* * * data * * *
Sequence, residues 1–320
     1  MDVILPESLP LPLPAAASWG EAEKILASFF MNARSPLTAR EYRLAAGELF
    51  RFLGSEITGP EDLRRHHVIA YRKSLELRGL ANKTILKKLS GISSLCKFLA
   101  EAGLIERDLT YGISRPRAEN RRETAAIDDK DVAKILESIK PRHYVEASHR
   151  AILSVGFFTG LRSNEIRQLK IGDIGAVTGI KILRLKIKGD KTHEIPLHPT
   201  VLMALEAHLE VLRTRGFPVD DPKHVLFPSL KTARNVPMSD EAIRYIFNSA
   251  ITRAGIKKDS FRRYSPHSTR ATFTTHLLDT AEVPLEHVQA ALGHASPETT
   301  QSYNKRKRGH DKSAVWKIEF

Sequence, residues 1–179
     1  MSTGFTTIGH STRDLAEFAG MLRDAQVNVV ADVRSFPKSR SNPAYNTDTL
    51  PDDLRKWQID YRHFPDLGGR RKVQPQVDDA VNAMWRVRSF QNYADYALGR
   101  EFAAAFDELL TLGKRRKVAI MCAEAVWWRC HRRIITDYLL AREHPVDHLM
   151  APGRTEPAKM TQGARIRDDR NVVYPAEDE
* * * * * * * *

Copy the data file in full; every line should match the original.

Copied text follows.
Sequence, residues 1–320
     1  MDVILPESLP LPLPAAASWG EAEKILASFF MNARSPLTAR EYRLAAGELF
    51  RFLGSEITGP EDLRRHHVIA YRKSLELRGL ANKTILKKLS GISSLCKFLA
   101  EAGLIERDLT YGISRPRAEN RRETAAIDDK DVAKILESIK PRHYVEASHR
   151  AILSVGFFTG LRSNEIRQLK IGDIGAVTGI KILRLKIKGD KTHEIPLHPT
   201  VLMALEAHLE VLRTRGFPVD DPKHVLFPSL KTARNVPMSD EAIRYIFNSA
   251  ITRAGIKKDS FRRYSPHSTR ATFTTHLLDT AEVPLEHVQA ALGHASPETT
   301  QSYNKRKRGH DKSAVWKIEF

Sequence, residues 1–179
     1  MSTGFTTIGH STRDLAEFAG MLRDAQVNVV ADVRSFPKSR SNPAYNTDTL
    51  PDDLRKWQID YRHFPDLGGR RKVQPQVDDA VNAMWRVRSF QNYADYALGR
   101  EFAAAFDELL TLGKRRKVAI MCAEAVWWRC HRRIITDYLL AREHPVDHLM
   151  APGRTEPAKM TQGARIRDDR NVVYPAEDE